Signed Books - How to find them
Signed books are popular with collectors for a number of reasons.
The most important is probably the link with whoever has signed the book. Usually it is the author, but occasionally it may be the illustrator or publisher, or even a previous owner. But for the collector, the signature is proof that the signer has handled the very book which they have in their possession. Such is the power of material possessions that this link can make a book much more desirable.
This leads on to the next factor with signed books. Because they are more desirable, they become more valuable. This of course depends on the fame or notoriety of the signer. As a general principle, dead signers are more sought after than living ones (because they can't sign any more I suppose), and famous signers are more popular than obscure ones for obvious reasons. Other than that, there is not much guidance to give.
For example, many years ago I took a copy of Edward Heath's book on sailing to a nautical bookshop. It was signed by our illustrious ex-premier, and I hoped it might be worth a few pounds to make my trip worthwhile. The amused bookseller remarked that there were actually more signed copies of the book available than unsigned ones, as Ted had promoted his book with great gusto, thereby, in theory, making the unsigned copies rarer and therefore of more value to collectors. In fact the book was, in bookselling terms, a 'dog' anyway, and of little value signed or unsigned.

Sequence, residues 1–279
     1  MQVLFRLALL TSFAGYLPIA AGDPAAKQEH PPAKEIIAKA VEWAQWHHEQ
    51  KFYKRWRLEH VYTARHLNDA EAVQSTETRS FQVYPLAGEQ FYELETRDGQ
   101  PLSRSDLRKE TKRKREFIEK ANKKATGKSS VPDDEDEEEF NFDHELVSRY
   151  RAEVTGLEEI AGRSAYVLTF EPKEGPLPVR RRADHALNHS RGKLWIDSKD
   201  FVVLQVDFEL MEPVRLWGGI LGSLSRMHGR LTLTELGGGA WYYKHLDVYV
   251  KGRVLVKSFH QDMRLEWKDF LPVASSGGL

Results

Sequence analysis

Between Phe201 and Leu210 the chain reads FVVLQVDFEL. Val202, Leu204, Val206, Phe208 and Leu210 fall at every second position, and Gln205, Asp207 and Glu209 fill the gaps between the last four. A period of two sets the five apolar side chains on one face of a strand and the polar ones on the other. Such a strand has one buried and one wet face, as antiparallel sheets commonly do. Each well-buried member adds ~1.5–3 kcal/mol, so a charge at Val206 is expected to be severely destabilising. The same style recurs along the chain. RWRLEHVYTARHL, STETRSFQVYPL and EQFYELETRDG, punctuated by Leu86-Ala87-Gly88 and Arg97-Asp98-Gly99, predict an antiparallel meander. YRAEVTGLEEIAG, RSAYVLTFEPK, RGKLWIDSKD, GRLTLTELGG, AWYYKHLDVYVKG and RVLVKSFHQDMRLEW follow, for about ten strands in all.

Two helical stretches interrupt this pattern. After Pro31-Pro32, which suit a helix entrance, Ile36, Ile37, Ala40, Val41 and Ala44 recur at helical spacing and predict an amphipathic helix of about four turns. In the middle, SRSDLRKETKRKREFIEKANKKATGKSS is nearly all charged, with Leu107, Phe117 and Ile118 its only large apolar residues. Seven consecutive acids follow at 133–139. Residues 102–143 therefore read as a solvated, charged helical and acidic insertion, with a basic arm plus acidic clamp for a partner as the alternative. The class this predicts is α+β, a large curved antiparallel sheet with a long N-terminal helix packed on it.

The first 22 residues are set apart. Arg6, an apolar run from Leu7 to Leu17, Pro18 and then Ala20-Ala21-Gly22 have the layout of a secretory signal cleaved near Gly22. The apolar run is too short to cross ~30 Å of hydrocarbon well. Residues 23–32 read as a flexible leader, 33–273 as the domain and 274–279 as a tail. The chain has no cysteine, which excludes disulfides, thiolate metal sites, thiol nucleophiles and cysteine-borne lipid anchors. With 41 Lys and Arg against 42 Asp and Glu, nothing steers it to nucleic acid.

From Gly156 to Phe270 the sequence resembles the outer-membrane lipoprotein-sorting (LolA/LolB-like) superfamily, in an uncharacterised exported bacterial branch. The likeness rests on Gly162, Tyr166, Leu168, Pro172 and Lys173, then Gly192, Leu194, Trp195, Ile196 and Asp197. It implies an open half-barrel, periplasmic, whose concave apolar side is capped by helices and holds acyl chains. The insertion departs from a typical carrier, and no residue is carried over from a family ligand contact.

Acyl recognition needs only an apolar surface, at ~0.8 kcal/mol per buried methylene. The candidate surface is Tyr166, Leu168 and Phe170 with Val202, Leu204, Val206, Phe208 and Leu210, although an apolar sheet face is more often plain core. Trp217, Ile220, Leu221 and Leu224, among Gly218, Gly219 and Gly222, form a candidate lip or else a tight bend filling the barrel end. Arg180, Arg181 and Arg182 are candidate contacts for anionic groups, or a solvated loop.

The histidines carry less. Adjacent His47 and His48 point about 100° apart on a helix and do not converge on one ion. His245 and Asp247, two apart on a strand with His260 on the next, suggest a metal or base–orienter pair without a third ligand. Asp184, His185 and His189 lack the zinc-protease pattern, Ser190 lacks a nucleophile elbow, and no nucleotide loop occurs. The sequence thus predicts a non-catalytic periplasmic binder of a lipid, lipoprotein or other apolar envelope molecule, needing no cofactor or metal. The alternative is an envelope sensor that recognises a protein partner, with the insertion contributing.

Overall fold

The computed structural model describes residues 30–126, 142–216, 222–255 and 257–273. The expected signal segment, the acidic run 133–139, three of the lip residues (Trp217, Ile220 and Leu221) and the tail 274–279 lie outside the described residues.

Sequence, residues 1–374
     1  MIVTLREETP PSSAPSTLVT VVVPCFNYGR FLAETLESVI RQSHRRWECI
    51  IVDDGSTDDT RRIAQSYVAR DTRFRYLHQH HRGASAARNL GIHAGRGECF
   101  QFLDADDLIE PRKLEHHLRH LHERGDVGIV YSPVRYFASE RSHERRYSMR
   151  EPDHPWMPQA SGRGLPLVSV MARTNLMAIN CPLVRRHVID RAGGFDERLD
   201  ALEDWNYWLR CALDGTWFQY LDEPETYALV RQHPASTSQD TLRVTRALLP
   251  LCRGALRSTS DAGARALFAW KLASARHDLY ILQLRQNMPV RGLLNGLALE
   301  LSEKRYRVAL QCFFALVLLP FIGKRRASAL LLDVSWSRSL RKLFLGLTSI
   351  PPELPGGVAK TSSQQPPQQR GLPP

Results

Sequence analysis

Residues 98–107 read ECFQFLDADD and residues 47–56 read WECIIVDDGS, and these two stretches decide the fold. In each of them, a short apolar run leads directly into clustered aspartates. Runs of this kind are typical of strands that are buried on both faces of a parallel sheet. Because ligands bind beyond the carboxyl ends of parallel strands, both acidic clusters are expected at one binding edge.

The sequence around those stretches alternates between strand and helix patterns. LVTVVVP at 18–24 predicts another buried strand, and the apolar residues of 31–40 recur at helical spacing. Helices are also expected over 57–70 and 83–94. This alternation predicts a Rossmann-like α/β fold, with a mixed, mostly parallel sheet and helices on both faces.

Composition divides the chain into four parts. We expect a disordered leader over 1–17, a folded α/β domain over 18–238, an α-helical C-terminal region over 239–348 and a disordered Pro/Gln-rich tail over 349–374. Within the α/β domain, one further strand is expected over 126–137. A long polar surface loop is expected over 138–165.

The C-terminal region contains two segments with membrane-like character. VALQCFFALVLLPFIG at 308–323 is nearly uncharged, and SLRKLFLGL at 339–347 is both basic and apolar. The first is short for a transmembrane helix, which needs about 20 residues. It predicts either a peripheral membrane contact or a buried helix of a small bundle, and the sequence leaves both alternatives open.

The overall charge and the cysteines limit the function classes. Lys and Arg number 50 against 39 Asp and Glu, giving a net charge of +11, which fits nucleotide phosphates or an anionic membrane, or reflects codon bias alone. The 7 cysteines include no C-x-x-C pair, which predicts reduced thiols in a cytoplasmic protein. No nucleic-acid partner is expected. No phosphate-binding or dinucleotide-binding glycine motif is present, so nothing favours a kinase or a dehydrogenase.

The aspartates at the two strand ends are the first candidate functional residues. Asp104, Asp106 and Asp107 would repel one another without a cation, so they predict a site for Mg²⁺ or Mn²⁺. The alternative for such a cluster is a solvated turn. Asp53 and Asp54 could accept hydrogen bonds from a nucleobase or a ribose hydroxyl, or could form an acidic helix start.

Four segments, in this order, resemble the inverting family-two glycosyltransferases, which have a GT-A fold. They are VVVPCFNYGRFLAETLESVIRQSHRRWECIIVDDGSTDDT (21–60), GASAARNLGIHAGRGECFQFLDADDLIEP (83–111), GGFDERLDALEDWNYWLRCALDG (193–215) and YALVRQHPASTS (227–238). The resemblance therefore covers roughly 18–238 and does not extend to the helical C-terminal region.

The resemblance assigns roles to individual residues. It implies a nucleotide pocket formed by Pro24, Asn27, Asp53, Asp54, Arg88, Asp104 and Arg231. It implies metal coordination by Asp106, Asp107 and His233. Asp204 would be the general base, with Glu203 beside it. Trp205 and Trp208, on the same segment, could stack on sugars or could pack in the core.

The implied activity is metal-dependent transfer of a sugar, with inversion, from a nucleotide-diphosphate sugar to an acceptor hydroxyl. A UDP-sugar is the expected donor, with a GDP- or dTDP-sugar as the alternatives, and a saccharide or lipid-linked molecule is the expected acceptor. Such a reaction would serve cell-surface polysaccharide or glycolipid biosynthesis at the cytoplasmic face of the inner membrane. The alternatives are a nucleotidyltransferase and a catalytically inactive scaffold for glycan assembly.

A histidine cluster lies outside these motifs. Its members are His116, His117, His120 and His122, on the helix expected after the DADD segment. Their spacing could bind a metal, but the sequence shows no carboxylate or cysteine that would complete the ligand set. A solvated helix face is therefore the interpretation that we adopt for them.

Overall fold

Roll forward ten years, and I picked up a limited edition of Margaret Thatcher's autobiography, which commanded a very good price. It seems some authors have the golden touch where others do not, and this seems to be down to the charisma of the author. For example, amongst politicians, Churchill and Thatcher carry much weight, while Callaghan and Heath carry less. Film stars and pop stars also add value when they sign items, although this is often short-lived until the next big thing comes along. What price a Bay City Rollers autograph these days I wonder?
All in all, go for what you like personally would be my advice. If buying for investment, go for the writers with proven longevity that is likely to stay that way; star politicans like Thatcher and Churchill, or big authors like Orwell or Nabokov. Good hunting.